Scaling Riak to 25 million ops/day at Kiip

September 25, 2012
5 min

Riak is an open source, highly scalable, fault-tolerant distributed database.

Armon Dadgar and Mitchell Hashimoto discuss how and why they are using Riak in production at Kiip, the problems they we facing (increasing demands - 25M+ ops/day) and their solution: migrating from MongoDB to Riak. The talk was recorded at the May San Francisco Riak Meetup, in May, 2012.

You can read the outline of the talk here.

Kiip infrastructure

Kiip is a mobile reward (mobile ad) network: it connects brands and companies (advertisers) with consumers through virtual achievements in their apps.

Kiip started their infrastructure with MySQL, but switched to MongoDB before they had any real traffic. As they were using it, and as their traffic and data grew, they experienced the following problems:

  • A global MongoDB write lock limited their incoming write operations. Their solution was to cache and aggregate the writes over 10 seconds, and with batched updates, they hit the lock less frequently.

  • They were still limited to 1000x read/sec, probably because some IO problem, but heavy caching solved that.

  • Slow analytics queries touch a lot of data, and they were IO-bound operation. Using Bloom-filters solved this issue for a while.

  • As they hit the global write lock again, they separated two clusters for different datasets. Analytics with heavy writes in the first one, everything else in the other cluster.

  • As the data on a given machine grew, the index size hit the memory limits. They have introduced an ETL (Extract / Transform / Load) data-processing workflow, to separate older data from the database, archiving older ones to S3.

  • ETL lagged behind more than its daily schedule, they needed further DB separation.

Eventually, after they have found that all their API response times were related to MongoDB, they started to research other DBs. Their finding and opinions were the following:

  • They ditched RDBMS, as they didn’t want to deal with custom, homemade sharding layers and the added complexity that comes with those.
  • Their co-founder is from Digg, they had bad experience with Cassandra.
  • HBase seemed to be an operational nightmare.
  • CouchDB did horizontal scaling on application level, it was a no-go.
  • Riak had solid academic foundation, with happiness both from developers and operations in the real world.

Data migration to Riak

Fast growing data was the natural candidate to move first to Riak: they have started with session and device data, as they grew at exponential rate.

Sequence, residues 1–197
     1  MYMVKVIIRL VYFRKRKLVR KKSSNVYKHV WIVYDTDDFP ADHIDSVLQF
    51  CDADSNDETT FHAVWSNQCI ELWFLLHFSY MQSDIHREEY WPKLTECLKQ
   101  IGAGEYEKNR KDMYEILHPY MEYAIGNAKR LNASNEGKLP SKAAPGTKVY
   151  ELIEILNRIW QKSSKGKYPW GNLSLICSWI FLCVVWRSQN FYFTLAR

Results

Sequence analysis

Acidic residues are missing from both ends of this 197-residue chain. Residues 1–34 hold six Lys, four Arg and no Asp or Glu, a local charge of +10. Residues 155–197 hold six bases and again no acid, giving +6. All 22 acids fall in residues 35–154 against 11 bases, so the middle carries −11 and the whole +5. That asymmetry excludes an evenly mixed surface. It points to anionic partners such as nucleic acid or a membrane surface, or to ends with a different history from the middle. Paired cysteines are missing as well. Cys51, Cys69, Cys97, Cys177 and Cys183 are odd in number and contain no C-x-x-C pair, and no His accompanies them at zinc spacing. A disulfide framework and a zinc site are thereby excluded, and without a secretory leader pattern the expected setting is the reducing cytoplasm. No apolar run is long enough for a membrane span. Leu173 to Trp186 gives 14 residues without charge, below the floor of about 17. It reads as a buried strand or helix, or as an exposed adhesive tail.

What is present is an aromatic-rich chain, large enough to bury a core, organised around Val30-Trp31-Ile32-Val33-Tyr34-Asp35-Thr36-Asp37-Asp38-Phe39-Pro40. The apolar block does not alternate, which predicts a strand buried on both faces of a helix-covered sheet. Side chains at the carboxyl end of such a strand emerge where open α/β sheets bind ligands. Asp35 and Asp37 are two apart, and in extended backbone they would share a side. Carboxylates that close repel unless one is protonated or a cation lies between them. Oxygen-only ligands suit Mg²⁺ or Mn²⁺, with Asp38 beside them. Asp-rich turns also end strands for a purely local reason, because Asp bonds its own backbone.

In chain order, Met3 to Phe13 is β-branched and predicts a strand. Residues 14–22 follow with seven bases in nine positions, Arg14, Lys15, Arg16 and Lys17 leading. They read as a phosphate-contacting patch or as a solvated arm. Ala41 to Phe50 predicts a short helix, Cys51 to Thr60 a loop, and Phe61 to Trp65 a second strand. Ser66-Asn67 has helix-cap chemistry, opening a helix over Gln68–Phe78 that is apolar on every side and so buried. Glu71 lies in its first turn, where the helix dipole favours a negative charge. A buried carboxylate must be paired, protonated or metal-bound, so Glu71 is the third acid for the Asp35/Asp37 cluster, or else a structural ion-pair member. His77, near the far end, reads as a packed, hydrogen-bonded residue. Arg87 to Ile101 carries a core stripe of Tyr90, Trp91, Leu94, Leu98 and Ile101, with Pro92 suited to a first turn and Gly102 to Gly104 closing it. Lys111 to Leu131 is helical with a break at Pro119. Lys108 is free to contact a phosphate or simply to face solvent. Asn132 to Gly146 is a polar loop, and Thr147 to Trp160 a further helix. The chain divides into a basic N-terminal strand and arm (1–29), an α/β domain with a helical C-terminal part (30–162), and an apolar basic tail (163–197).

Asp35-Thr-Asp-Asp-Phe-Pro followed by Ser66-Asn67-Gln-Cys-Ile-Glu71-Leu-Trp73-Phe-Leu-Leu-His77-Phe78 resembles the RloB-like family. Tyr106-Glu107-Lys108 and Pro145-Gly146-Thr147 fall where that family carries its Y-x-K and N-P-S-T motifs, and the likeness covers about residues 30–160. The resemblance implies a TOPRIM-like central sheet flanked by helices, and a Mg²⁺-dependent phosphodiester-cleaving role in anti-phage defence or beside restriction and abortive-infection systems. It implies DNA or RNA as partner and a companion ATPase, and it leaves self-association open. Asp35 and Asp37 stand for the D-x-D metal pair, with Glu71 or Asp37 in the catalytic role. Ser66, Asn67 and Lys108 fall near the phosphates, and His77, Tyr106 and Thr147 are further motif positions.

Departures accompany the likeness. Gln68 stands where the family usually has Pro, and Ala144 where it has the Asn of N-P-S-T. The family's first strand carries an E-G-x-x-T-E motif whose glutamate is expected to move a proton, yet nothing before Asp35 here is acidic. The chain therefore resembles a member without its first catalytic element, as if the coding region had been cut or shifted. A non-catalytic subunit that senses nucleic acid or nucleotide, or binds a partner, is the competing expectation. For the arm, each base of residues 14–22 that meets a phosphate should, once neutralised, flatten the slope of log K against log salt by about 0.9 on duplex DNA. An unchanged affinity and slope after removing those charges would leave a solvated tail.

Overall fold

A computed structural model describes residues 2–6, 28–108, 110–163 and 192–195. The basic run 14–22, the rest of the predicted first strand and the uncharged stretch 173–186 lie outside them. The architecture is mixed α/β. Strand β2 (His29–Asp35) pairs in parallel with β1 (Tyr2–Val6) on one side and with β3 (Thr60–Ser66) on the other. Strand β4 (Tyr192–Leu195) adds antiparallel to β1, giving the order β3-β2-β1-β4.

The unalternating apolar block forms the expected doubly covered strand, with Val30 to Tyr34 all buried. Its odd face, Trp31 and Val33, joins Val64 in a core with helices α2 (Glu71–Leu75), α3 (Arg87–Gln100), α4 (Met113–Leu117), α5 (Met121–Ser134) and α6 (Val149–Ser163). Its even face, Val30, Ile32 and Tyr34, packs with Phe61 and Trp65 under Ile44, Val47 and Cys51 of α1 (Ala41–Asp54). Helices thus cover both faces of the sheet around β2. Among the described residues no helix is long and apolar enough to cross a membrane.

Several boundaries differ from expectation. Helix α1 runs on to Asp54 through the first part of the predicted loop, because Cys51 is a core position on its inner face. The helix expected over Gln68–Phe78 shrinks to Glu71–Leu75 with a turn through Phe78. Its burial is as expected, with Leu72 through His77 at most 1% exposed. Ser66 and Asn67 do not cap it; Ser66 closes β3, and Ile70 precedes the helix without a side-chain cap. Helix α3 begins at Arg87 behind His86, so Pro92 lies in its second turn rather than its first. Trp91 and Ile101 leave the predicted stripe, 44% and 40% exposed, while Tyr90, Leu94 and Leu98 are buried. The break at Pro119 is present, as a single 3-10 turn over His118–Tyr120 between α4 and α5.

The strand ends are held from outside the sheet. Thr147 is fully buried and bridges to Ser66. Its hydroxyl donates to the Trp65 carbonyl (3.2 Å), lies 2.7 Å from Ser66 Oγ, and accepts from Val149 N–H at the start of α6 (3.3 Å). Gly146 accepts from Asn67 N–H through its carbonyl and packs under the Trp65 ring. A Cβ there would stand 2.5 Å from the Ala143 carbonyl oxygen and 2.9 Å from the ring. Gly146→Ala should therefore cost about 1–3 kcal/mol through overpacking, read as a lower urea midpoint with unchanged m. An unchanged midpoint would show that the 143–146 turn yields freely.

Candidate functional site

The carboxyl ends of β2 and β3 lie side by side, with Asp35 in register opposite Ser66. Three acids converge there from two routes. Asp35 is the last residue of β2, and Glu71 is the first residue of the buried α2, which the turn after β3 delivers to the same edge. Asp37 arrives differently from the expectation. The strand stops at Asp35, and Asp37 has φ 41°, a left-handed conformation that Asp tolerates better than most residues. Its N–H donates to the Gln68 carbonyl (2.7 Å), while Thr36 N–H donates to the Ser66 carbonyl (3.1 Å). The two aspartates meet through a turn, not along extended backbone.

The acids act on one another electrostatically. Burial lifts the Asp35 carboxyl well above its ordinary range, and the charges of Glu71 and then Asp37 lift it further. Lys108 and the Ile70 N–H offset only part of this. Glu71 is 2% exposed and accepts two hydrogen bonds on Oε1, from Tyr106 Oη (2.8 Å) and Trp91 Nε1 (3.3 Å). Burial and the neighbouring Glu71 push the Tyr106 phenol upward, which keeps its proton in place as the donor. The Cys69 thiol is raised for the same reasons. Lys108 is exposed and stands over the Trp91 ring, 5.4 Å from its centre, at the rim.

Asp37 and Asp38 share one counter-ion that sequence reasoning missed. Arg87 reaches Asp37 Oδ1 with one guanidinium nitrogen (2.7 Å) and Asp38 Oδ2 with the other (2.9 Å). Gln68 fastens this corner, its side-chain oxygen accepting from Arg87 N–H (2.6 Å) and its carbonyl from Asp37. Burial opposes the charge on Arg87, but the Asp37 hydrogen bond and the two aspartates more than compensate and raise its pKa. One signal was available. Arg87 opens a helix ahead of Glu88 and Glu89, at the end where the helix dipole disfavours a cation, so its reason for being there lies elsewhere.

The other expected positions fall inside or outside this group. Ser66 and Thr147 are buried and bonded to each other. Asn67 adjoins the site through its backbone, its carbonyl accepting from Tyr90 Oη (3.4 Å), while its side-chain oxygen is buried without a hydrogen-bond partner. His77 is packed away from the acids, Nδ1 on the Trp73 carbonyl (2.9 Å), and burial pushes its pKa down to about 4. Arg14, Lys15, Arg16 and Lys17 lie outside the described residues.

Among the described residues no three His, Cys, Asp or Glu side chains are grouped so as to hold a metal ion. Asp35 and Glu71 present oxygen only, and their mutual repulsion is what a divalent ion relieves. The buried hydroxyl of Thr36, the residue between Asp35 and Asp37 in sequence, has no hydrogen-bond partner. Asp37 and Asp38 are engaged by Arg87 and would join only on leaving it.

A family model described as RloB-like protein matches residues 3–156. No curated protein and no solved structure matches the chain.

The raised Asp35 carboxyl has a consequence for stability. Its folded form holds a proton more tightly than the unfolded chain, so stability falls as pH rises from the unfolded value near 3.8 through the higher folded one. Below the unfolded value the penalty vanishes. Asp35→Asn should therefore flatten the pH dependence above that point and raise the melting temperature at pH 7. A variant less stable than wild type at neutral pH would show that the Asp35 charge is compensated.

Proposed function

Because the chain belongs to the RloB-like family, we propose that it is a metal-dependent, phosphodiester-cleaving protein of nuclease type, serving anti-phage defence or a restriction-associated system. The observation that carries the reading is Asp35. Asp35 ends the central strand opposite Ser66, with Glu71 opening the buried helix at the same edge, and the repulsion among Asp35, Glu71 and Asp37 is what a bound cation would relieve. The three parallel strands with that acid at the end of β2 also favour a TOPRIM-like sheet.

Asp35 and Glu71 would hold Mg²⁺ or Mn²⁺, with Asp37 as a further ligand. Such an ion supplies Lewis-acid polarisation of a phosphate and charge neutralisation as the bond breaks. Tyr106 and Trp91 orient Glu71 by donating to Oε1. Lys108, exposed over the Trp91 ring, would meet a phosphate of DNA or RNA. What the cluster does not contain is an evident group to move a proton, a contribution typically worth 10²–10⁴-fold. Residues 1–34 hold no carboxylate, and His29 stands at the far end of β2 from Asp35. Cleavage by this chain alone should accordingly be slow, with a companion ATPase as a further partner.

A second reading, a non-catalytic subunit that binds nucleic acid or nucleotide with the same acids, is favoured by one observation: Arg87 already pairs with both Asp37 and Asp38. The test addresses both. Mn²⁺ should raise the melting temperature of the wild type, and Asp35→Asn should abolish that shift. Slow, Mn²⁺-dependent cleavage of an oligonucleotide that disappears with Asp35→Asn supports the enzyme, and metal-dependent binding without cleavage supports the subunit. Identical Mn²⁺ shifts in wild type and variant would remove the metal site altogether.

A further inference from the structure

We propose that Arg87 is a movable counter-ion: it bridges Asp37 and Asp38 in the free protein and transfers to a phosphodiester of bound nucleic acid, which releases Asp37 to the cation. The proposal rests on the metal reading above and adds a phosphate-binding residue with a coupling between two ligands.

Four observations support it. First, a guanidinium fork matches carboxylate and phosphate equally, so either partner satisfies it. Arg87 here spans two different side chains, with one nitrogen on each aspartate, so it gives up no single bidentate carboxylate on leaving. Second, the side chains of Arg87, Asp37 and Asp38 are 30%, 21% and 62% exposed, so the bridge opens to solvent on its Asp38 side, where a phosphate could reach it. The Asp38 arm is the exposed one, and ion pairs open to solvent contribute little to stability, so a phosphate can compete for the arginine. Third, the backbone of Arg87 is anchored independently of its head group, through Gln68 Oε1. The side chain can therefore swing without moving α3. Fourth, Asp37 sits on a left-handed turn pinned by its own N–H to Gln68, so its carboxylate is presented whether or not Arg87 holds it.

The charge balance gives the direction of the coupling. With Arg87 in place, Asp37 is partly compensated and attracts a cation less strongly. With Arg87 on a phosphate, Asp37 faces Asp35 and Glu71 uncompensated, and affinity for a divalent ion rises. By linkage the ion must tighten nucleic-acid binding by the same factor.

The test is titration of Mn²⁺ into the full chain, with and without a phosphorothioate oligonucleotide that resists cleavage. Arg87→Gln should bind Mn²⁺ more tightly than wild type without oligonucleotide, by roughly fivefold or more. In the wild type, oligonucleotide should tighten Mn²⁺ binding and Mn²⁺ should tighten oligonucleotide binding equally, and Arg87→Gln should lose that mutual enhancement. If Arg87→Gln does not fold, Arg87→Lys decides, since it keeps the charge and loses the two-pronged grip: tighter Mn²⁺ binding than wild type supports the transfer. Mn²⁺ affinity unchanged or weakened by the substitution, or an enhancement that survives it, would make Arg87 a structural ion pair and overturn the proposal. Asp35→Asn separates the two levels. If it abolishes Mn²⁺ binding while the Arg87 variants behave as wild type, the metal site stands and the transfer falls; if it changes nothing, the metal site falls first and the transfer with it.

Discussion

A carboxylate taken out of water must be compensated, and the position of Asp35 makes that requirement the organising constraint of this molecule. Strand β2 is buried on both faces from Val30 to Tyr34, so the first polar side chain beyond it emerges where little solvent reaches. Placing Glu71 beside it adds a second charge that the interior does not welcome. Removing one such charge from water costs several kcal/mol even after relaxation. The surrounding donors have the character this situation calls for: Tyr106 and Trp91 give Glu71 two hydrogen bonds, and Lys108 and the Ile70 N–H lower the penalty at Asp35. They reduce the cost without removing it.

Sessions have the advantage to be key-value by nature, a good fit for Riak. They updated their data access layer, besides that, not application-level change was required. The python client had some problems in the protobuf implementation, and some errors that are already fixed now (e.g. keepalive header).

The switch was simple and without downtime:

  • write new data to Riak
  • read from Riak first, fall back to MongoDB if missing
  • After a week, they have removed MongoDB completely.

The devices data was a bit different, eventually they have settled with a key-use that was generated from a hash-function. Their other attempt (e.g. using secondary indexes, map/reduce or id indirection) were too slow with unusable latency (0.2-2 seconds).

Riak in production (over 3 months)

Kiip team found Riak extremely solid, with only a few pain points, and they have provided advices and tips that might help others:

  • Scale early. Once your system is at the saturation point, it is really hard to get done anything with the load. Latency explodes at heavy IO, and the new node will just increase that in the short term (while it gets the data re-balanced). Monitor latency.

  • Don’t use secondary index (2i) in real-time queries, only in background (5ms get, vs 2000 ms 2i). LevelDB adds a new disk seek IO at each new level, adds more time to the latency.

  • The JavaScript engine requires a lot of RAM, runs out very quickly, cap the use.

  • Don’t restart nodes in rapid succession. Bad automation might result in strange conditions, ruins performance and sometimes causes inconsistencies.

But nothing is a magic bullet, Riak is no exception. They still use MongoDB for geospatial data, however, they will migrate those to PostGIS. Kiip uses PostgreSQL for non-key-value, not fast-growing data.

Scaling is hard, but for the horizontally scalable K/V data, Riak seems to be a right choice.

Last updated: August 29, 2014
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